It’s not the only case that King County has handled that give me cause for concern. I say this as someone that is likely to vote for Satterburg. Ask your cops how they feel about the cases where officers have been murdered. Prosecutors should fight to the bitter end to hold cop murderers accountable. I’m not sure that King County can really look themselves in the eye and say they’ve done that with the Underwood, Herzog, and Maher cases. That’s got to change.

  35. 39

    spews:

    @36 Darryl

    Darryl wants to tag the candidates with D’s
    and R’s. That worries me.

    There is nothing that guarantees sanctity in the suffix D.

    Sure, loyalty to the Repricans is not something that I admire. The recent hegemony of the Repricans was a good arguement for voting D, and until the damage is undone it may be important to keep up the pressure.

    So far the only person here who has discussed specific issues that differentiate Satterberg and Sherman, is the Rabbit. Like Roger, I plan on voting for Sherman and have donated a small amount to his campaign (not having all of Roger’s oil wealth that is the best I can do). Still, I am put off and expect Sherman is hurt by the party line position of m,any here.

  36. 40

    T spews:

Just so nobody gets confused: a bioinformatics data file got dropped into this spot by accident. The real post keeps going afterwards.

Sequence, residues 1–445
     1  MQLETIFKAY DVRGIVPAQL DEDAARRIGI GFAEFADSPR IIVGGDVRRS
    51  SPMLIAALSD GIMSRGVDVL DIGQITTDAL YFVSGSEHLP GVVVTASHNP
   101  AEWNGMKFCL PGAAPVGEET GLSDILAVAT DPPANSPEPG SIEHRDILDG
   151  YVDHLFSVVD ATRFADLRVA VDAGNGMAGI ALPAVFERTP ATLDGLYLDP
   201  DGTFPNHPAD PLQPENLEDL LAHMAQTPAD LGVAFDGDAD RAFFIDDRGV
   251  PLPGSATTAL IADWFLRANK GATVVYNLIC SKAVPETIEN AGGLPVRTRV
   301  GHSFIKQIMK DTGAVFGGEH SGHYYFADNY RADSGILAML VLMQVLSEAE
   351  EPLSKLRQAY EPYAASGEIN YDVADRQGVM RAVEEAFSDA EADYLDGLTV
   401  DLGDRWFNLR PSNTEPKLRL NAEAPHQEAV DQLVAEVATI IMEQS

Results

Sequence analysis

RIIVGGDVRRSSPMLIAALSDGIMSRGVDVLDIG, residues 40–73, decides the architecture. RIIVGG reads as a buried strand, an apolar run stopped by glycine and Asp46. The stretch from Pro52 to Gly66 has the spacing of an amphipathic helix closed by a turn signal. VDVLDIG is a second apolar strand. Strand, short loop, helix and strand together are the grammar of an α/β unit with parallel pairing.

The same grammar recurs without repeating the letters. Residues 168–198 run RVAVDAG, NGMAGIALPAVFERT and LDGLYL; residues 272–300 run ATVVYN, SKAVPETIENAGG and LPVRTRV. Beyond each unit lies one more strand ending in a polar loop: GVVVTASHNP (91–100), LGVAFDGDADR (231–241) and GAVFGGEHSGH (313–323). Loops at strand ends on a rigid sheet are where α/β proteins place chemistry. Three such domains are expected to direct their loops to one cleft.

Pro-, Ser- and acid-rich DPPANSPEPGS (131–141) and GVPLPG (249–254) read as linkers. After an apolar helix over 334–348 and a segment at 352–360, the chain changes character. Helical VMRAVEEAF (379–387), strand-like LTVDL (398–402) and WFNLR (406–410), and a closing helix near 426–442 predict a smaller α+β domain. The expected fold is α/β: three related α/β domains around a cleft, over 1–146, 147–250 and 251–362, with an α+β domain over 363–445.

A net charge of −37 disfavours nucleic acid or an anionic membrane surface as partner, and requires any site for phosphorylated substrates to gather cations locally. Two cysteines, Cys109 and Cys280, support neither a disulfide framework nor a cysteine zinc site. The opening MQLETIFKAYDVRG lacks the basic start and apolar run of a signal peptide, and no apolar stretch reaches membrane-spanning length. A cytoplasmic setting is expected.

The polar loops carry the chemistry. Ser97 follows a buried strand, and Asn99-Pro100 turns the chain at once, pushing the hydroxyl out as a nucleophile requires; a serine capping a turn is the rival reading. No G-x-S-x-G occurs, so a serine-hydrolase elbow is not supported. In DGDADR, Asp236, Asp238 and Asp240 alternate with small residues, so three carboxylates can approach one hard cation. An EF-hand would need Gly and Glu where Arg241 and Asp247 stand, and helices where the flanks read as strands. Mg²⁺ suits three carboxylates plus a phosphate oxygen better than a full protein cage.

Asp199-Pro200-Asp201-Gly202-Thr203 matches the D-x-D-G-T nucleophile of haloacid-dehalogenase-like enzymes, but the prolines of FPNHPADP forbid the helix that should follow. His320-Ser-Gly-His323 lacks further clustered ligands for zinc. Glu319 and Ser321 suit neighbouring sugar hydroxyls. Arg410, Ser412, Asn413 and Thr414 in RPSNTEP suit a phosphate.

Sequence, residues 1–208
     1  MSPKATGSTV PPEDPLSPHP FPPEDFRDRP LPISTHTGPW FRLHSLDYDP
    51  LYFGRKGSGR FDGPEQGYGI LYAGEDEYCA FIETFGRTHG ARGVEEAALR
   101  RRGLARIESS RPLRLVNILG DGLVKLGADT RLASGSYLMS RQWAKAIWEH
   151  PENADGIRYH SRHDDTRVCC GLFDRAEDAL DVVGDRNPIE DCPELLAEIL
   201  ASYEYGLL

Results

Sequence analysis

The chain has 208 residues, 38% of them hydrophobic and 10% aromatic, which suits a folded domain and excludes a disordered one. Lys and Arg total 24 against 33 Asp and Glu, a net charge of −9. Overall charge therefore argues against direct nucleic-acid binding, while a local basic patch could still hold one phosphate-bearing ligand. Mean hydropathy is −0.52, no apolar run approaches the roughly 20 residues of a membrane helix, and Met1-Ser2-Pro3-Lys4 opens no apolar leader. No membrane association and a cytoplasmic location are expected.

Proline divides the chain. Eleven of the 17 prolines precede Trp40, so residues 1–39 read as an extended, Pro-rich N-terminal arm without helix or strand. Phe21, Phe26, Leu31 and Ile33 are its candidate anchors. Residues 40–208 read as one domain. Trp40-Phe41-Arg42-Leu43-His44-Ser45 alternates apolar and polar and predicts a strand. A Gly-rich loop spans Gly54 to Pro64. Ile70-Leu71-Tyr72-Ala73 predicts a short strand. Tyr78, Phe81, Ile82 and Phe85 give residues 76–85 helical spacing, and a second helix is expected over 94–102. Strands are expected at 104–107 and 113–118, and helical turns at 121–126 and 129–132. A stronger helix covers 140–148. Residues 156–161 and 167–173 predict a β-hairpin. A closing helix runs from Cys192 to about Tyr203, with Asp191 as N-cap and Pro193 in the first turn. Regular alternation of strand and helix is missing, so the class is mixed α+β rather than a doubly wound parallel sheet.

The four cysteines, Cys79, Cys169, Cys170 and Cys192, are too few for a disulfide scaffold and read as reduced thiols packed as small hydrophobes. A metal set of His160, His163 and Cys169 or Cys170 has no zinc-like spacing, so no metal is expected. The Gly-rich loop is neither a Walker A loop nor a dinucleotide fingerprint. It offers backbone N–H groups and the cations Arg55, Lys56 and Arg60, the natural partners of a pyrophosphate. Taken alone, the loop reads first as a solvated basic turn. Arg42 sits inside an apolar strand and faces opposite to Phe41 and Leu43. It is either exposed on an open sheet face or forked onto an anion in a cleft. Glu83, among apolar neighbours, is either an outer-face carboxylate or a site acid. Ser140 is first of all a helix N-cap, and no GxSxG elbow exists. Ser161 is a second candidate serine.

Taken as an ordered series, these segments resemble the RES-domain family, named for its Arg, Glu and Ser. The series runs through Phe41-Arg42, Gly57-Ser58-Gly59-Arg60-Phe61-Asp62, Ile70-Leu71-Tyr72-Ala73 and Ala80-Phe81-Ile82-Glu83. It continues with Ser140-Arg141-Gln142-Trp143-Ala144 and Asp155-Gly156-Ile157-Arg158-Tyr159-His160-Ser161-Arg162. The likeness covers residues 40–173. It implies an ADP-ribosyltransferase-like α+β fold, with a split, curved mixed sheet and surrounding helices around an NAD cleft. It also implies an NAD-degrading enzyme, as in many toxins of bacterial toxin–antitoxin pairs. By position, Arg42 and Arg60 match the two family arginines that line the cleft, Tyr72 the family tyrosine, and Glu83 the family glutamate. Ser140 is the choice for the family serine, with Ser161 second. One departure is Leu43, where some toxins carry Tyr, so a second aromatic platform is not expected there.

@11 T2 — I will double-check my facts and get back to you. I suggest you do the same. For example, look at the bottom right of Bill Sherman’s home page (not the endorsements section). Under “recent news” it says both the Times and PI endorse Sherman and neither headline mentions primary. And are you saying that Bill Sherman didn’t have a caseload when he left to campaign? He was advertising the fact that he was in a DV trial and wasn’t going to think about running until after that. You could be correct on his first run for office, I will check. But please check your math on how long he’d been in the office before accusing me of being a liar.

    @39 Thank you for being one of the D’s who do think. I’m not sure I agree that Rabbit is the only one who has discussed the differences. Last I heard from Rabbit, before he went off on Dino Rossi in this thread, he was inadvertently reaching the conclusion that Bill Sherman has no backbone because Bill would have made the same decision on Gary Ridgeway as Norm did. When called on it, Rabbit disappeared.

  37. 41

    spews:

    Seattle Jew

    “Darryl wants to tag the candidates with D’s
    and R’s. That worries me.”